Researchers from the UCLA, Mississippi State University, University of Nevada and China's Central South have designed an efficient and long-lasting graphene-based electrode for supercapacitors. The device’s design was inspired by the structure and function of leaves on tree branches, and it is said to be more than 10 times more efficient than other designs.

An efficient and long-lasting graphene-based electrode for supercapacitors image

The electrode design reportedly provides the same amount of energy storage, and delivers as much power as similar electrodes, despite being much smaller and lighter. In experiments it produced 30% better capacitance — a device’s ability to store an electric charge — for its mass compared to the best available electrode made from similar carbon materials, and 30 times better capacitance per area. It also produced 10 times more power than other designs and retained 95% of its initial capacitance after more than 10,000 charging cycles.

It is known that supercapacitors could be made more powerful than today’s models, but one challenge has been producing more efficient and durable electrodes. Electrodes attract ions, which store energy, to the surface of the supercapacitor, where that energy becomes available to use. Ions in supercapacitors are stored in an electrolyte solution. An electrode’s ability to deliver stored power quickly is determined in large part by how many ions it can exchange with that solution: The more ions it can exchange, the faster it can deliver power.

Based on that, the researchers designed their electrode to maximize its surface area, creating the most possible space for it to attract electrons. They drew inspiration from the structure of trees, which are able to absorb ample amounts of carbon dioxide for photosynthesis because of the surface area of their leaves. “We often find inspiration in nature, and plants have discovered the best way to absorb chemicals such as carbon dioxide from their environment,” said the study’s principal investigator and a UCLA professor of mechanical and aerospace engineering. “In this case, we used that idea but at a much, much smaller scale — about one-millionth the size, in fact.”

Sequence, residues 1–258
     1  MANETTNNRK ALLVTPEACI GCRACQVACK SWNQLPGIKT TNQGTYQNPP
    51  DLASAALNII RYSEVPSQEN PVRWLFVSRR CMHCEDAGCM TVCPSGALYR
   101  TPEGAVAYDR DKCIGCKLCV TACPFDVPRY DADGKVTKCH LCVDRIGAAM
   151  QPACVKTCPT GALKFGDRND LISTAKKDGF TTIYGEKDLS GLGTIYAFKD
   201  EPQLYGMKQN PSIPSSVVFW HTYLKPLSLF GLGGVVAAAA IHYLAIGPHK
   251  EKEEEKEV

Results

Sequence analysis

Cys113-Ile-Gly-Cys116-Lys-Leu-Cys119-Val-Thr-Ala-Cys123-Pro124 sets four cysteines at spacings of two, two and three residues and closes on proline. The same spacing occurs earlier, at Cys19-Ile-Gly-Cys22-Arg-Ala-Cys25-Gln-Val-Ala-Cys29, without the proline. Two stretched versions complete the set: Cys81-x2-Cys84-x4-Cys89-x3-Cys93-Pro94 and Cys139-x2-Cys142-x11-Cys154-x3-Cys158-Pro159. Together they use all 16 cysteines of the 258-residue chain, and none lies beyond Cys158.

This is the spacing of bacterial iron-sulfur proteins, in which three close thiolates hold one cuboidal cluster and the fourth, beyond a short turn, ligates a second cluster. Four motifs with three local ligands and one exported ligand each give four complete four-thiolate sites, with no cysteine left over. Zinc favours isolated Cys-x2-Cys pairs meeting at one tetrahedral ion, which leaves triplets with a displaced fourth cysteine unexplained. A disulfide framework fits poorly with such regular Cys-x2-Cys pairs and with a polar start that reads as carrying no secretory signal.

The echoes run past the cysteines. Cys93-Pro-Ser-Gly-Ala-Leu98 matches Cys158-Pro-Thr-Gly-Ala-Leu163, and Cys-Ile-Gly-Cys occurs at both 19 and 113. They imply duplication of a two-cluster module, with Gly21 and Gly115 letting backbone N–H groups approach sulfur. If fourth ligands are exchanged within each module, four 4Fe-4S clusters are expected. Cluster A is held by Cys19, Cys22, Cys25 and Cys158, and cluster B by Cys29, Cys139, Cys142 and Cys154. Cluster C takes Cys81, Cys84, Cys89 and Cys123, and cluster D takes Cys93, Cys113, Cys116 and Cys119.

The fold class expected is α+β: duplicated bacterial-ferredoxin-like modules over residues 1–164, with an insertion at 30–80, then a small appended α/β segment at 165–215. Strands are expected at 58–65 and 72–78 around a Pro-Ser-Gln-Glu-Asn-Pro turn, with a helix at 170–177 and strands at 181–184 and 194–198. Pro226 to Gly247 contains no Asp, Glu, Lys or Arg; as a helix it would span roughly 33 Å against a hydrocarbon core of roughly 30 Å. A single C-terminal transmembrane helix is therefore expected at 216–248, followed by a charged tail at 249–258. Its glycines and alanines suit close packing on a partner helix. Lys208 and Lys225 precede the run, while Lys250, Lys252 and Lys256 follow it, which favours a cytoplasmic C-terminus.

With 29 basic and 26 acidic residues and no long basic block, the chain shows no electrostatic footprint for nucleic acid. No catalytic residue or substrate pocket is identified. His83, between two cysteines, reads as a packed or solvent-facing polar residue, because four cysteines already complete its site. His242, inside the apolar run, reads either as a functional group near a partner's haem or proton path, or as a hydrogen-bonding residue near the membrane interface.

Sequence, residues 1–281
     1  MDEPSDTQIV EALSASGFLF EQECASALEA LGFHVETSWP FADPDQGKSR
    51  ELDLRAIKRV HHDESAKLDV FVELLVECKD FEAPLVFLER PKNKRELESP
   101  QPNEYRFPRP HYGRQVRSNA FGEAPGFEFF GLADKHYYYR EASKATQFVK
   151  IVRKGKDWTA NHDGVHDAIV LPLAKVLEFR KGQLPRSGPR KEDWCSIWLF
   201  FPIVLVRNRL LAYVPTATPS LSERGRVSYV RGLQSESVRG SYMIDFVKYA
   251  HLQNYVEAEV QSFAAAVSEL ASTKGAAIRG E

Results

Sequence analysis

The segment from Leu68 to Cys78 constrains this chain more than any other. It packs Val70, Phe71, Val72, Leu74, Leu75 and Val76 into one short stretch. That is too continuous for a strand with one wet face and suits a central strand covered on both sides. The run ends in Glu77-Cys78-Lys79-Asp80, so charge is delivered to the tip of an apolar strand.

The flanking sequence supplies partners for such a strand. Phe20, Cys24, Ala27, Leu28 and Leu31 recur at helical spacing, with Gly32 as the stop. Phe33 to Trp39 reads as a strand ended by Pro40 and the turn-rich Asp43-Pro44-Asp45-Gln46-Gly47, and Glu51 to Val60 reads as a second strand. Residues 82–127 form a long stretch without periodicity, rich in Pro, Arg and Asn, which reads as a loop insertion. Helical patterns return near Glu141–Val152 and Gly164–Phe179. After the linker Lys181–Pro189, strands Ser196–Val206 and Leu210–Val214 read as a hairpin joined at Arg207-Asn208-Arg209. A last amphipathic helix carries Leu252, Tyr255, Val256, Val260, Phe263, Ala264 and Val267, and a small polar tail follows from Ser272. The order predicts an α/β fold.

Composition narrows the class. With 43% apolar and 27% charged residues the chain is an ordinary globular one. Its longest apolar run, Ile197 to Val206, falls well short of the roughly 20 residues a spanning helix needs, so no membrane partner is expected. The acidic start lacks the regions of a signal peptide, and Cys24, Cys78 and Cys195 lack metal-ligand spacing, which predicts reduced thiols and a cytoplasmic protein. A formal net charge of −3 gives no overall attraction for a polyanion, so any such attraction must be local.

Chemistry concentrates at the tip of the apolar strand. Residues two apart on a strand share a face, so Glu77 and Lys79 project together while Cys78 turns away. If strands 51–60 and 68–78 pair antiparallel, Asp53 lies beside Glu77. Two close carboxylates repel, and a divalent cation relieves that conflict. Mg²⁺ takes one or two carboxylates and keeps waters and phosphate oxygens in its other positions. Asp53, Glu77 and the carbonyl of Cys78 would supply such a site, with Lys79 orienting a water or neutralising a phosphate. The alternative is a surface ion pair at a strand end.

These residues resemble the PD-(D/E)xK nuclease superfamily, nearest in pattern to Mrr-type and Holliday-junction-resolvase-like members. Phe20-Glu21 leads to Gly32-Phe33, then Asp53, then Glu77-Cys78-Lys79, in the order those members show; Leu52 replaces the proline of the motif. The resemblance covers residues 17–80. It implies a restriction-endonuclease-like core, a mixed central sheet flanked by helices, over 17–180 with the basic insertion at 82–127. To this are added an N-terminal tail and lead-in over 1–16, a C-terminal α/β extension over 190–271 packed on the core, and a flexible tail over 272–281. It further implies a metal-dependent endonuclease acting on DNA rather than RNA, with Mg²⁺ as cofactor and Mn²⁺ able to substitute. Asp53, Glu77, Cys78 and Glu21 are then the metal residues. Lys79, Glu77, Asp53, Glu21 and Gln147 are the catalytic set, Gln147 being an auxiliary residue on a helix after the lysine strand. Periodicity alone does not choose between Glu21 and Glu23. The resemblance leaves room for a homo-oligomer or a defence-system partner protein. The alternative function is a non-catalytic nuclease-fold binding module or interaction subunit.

To create the branch-and-leaves design, the researchers used two nanoscale structures composed of carbon atoms. The “branches” are arrays of hollow, cylindrical carbon nanotubes, about 20 to 30 nanometers in diameter; and the “leaves” are sharp-edged petal-like structures, about 100 nanometers wide, that are made of graphene. The leaves are then arranged on the perimeter of the nanotube stems. The leaf-like graphene petals also give the electrode stability.



The engineers then formed the structures into tunnel-shaped arrays, which the ions that transport the stored energy flow through with much less resistance between the electrolyte and the surface to deliver energy than they would if the electrode surfaces were flat.

The electrode also performs well in acidic conditions and high temperatures, both environments in which supercapacitors could be used.

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